See saving, printing & sharing options on screen, or print the recipe, via the Recipe card below.


Also see my Cranberry, Orange & Pecan Scottish Shortbread recipe.

Let’s get baking!


Chocolate Coconut Scottish Shortbread


Ingredients in bowls for Scottish shortbread on a table.

Ingredients

  • 225g  Butter, cubed & softened 
  • (1 cup/2 sticks or 8 oz)
  • 110g Caster Sugar*  (3 3/4 oz)
  • (½ cup Extra/super fine sugar, see above)
  • 225g  Plain Flour 
  • (1 ¾ cups All Purpose or 8 oz)
  • 110g Corn Flour (3 3/4 oz)
  • (1 cup less 1 tbsp Corn Starch)   
  • Pinch Salt
  • 1¾ – 2 tsp Anise, powdered
  • 200g Chocolate (50/50 Milk & Dark)
  • (7 oz, half bitter, half semi-sweet)
  • 100g Desiccated Coconut
  • (1 cup, unsweetened shredded coconut, see above)
  • Some Granulated Sugar for topping

Close shot of tree amd snowflake shaped shortbread.

Equipment

  • Scales or Measuring Cups
  • Measuring Spoons
  • Large spoon
  • Stand or Hand Mixer, (or Medium-Large Mixing bowl & spoon)
  • Sieve
  • Pastry Cutter (optional)
  • Baking/parchment Paper
  • Baking Sheet/Tray x 2
  • Palette knife or sharp kitchen spatula
  • Timer or Phone Timer
  • Cooling Rack
  • Bowl for melting chocolate or pot
  • Bowl for coconut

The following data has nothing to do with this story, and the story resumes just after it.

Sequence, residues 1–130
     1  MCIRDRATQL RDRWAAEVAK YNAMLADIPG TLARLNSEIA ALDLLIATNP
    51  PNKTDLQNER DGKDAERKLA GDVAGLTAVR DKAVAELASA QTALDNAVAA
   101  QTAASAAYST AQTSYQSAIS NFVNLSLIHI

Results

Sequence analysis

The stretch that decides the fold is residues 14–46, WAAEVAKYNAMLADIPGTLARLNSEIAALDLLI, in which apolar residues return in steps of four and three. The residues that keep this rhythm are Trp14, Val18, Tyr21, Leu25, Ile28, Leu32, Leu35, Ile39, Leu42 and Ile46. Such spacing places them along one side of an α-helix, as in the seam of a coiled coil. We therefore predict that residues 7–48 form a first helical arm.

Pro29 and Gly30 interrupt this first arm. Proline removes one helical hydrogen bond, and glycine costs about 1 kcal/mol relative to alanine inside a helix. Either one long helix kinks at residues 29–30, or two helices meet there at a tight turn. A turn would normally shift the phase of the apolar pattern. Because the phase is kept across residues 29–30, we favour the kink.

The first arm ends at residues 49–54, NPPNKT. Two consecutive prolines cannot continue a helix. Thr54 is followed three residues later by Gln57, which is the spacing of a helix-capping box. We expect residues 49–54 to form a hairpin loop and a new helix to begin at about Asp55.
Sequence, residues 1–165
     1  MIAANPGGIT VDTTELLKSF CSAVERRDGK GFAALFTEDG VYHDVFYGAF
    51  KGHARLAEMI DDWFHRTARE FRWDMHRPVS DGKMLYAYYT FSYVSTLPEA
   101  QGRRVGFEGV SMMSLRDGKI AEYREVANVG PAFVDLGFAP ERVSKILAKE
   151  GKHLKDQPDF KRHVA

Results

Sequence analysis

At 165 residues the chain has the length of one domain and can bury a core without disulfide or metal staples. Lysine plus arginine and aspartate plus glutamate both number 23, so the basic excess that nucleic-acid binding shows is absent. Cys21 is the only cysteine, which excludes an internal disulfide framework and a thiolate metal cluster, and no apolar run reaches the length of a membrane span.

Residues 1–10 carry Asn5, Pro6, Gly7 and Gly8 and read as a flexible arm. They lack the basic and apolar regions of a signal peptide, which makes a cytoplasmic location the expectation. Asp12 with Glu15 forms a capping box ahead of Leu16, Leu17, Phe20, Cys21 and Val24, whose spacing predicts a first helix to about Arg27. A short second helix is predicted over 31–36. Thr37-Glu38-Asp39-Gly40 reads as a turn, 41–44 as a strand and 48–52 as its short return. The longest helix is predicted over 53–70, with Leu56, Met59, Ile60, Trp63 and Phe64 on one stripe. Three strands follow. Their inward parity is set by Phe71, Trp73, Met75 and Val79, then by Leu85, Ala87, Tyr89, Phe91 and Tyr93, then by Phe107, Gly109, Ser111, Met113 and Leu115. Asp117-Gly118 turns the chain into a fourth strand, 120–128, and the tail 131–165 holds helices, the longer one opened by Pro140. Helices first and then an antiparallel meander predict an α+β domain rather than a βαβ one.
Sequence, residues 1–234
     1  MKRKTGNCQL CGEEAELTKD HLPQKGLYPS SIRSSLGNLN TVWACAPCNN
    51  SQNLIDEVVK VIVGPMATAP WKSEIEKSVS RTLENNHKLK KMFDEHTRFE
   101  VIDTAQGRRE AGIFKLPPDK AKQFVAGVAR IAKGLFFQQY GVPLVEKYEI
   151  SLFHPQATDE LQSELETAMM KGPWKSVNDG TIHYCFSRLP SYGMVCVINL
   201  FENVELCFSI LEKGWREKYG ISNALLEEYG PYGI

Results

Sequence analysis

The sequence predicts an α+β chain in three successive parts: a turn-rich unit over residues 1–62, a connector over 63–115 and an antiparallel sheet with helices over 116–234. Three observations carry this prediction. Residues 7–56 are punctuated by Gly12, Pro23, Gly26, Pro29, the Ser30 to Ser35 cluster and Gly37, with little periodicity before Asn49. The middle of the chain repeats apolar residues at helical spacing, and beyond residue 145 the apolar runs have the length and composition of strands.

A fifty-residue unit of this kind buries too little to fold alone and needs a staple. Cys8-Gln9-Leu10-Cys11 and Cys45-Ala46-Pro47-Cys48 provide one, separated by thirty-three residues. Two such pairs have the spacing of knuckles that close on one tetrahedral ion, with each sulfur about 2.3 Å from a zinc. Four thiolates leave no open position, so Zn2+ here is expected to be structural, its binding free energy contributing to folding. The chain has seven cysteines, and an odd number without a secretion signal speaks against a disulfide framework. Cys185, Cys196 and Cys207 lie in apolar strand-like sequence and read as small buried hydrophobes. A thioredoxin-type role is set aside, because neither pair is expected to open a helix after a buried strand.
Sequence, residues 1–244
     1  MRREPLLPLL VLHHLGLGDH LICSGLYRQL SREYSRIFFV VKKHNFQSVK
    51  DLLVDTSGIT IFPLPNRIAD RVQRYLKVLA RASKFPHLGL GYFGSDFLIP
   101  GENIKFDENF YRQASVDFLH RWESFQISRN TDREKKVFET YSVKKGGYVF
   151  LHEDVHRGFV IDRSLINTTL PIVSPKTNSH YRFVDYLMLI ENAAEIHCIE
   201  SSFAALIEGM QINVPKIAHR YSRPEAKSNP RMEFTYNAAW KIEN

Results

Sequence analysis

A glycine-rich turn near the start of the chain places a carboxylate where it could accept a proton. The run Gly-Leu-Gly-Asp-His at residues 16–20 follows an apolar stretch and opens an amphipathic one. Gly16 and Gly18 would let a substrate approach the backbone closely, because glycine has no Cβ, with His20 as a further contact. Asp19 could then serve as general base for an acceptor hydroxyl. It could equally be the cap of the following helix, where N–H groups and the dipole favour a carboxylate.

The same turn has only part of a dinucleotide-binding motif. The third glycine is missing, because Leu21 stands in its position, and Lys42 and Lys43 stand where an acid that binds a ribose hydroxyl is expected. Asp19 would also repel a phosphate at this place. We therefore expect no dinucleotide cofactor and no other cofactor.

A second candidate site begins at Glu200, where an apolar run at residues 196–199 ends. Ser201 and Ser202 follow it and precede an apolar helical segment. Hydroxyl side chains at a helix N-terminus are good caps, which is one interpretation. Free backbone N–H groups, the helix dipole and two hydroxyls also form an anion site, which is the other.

• OVEN: 180c/160c Fan oven/350f/Gas Mark 4

Instructions

1. Weigh out and cube the butter and leave out till softened.   I like to cut my butter into about 1cm (less than 1/2 inch) cubes as a smaller surface area will soften faster.  See Photo 1 below.

If you forget to take the butter out to soften, here’s a hack I reviewed to soften butter in about 10 minutes.


Collage of cubed butter and sugar and after creaming together - photo 1.

2. Weigh the sugar into your mixing bowl and add in the butter. Combine these two ingredients, firstly with a quick mix by hand with a spoon or spatula.  Then mix on low speed with a stand/hand mixer until light and fluffy, (known as ‘creaming the butter’).   You can of course do by hand with a spoon and some elbow power!  See Photo 1 for how it should look once creamed. Soft and paste like and easy to spread. Don’t over beat it though as much as you would for cakes.